My great-grandma was already a widow, and taking in Lodgers. My grandma Wilma was 18 years old and still living at home. And the man she would eventually marry was one of the Lodgers!

I used this census image to start a little family tree on ancestry.com, filling in the names of all the people that I knew.

And then I called my mom, to ask her, “Did you know that your mother and dad lived together before they were married?”

I was intoxicated again, but I still wasn’t hooked. I may have been genetically pre-disposed to genealogy addiction, but it was a stranger who entered my life a few days later that pushed me over the abyss.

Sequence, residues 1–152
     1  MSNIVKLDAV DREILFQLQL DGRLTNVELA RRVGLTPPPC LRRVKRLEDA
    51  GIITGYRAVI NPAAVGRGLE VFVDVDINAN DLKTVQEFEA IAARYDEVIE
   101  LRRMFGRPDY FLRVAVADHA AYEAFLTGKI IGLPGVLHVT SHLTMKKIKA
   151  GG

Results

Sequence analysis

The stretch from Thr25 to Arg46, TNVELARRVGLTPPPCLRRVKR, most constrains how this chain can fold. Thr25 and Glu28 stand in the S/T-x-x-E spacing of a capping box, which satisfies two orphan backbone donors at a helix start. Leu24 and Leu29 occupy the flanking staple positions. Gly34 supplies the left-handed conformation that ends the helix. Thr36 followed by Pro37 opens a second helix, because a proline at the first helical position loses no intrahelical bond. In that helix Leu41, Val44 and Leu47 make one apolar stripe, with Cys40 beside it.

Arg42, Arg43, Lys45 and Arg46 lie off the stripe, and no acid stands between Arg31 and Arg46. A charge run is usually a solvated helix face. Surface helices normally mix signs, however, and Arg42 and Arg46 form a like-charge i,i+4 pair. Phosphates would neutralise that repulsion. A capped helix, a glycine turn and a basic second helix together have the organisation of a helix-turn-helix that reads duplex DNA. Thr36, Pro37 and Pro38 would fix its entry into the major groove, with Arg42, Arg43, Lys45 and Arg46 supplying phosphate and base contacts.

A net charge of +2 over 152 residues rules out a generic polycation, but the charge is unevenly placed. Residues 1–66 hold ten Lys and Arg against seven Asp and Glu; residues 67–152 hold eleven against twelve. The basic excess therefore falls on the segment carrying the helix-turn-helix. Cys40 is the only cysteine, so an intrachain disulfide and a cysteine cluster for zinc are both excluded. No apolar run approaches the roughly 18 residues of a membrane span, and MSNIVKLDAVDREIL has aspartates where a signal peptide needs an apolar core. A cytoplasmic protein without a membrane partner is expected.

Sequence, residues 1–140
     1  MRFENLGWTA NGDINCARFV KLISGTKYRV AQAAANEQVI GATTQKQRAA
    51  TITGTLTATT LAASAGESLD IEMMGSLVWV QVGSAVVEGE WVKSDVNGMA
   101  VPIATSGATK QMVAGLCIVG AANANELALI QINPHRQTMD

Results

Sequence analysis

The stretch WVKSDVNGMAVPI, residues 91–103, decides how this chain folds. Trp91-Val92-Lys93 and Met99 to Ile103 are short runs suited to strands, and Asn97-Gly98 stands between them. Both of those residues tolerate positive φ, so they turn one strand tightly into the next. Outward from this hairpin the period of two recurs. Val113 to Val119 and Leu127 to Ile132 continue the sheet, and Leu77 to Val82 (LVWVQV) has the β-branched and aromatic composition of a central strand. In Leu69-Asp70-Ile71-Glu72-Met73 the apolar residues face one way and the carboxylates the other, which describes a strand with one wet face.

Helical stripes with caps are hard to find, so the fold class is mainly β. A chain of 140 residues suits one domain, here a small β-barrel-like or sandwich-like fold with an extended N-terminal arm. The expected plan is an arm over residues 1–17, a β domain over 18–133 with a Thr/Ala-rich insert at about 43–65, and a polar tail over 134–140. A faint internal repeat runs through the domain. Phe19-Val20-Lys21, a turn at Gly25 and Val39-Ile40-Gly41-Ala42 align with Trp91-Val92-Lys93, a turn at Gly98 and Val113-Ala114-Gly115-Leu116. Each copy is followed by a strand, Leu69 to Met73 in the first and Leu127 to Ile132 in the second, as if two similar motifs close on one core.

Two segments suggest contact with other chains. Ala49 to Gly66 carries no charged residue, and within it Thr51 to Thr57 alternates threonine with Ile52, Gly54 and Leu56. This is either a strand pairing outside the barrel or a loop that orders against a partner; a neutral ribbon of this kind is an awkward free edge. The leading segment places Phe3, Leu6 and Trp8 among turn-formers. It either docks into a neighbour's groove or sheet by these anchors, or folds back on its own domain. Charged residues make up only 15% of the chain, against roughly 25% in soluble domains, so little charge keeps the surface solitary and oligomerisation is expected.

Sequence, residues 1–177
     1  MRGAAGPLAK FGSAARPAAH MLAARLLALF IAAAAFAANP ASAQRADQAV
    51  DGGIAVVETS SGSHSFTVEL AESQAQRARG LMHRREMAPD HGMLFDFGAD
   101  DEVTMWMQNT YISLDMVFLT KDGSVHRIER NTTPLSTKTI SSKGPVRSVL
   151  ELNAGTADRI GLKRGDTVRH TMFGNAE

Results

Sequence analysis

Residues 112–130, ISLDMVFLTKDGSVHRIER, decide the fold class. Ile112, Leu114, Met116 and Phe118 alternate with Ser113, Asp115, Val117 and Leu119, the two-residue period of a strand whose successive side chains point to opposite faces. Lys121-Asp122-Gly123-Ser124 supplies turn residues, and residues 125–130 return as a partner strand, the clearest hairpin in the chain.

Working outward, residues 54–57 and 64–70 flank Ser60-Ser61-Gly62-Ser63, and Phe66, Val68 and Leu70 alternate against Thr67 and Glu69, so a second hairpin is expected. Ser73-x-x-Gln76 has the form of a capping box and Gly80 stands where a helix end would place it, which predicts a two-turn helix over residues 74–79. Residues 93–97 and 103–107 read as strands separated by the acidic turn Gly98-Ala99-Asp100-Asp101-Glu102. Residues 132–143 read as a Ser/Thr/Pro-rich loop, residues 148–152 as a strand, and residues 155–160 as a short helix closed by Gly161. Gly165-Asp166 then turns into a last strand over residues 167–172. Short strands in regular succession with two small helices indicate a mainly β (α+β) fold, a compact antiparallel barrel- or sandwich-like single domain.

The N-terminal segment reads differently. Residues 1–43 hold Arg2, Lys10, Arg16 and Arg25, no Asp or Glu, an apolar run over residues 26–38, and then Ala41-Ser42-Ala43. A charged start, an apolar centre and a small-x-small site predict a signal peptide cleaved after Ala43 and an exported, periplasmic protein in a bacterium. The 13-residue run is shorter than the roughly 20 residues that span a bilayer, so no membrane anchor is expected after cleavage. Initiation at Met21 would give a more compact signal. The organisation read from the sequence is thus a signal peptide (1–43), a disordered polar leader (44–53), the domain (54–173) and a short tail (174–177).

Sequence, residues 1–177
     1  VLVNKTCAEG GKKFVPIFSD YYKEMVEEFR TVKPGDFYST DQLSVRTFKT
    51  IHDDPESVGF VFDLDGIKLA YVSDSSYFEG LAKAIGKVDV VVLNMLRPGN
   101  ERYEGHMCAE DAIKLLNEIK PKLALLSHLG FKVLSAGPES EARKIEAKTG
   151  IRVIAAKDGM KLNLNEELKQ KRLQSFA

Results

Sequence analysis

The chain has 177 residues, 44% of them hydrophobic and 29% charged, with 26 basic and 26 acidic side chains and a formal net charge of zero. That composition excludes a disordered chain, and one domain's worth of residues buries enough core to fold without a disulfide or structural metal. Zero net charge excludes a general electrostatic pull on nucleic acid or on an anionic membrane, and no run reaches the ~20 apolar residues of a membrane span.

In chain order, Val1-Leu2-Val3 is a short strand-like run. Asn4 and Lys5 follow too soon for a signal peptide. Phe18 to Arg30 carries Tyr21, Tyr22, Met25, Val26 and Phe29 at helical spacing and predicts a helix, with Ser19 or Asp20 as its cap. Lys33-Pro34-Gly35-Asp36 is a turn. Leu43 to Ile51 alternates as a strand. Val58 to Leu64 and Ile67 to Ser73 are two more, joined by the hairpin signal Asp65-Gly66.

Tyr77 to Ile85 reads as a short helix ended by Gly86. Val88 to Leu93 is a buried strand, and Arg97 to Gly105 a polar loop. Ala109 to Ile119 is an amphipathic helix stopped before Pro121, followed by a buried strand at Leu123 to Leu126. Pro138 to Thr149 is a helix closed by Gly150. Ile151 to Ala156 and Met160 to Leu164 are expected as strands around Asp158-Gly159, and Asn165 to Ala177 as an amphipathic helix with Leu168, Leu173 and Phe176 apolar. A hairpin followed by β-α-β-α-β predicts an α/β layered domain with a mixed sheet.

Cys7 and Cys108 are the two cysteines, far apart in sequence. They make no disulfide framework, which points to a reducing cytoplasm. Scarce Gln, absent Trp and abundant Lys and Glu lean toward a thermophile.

I signed on to AOL, and heard the familiar, “You’ve got mail!”

Somebody named Adrienne said she had found my little “Hortense Mae White” tree on the internet. Adrienne claimed that Hortense Mae White was her aunt. She said she was very excited to find me, and would I please write her back.

She said her grandfather, Jacob White, was Hortense’s brother.

She said she had already found one of my cousins – Rob – on Cousin Connect.

I called my mom. I had never known anybody to call my cousin Bob by the name of “Rob”, so I thought there was something fishy about this Adrienne.

Mom told me, “Bob is Roy’s son. But Rob is Carl’s son. You don’t know him. He moved back East. And yes, grandma did have a brother Jake.”

So I wrote Adrienne back. Apparently she was hovering over her keyboard waiting for me to respond. (Adrienne is SO intense!)

She immediately rapid-fired a succession of emails with picture attachments.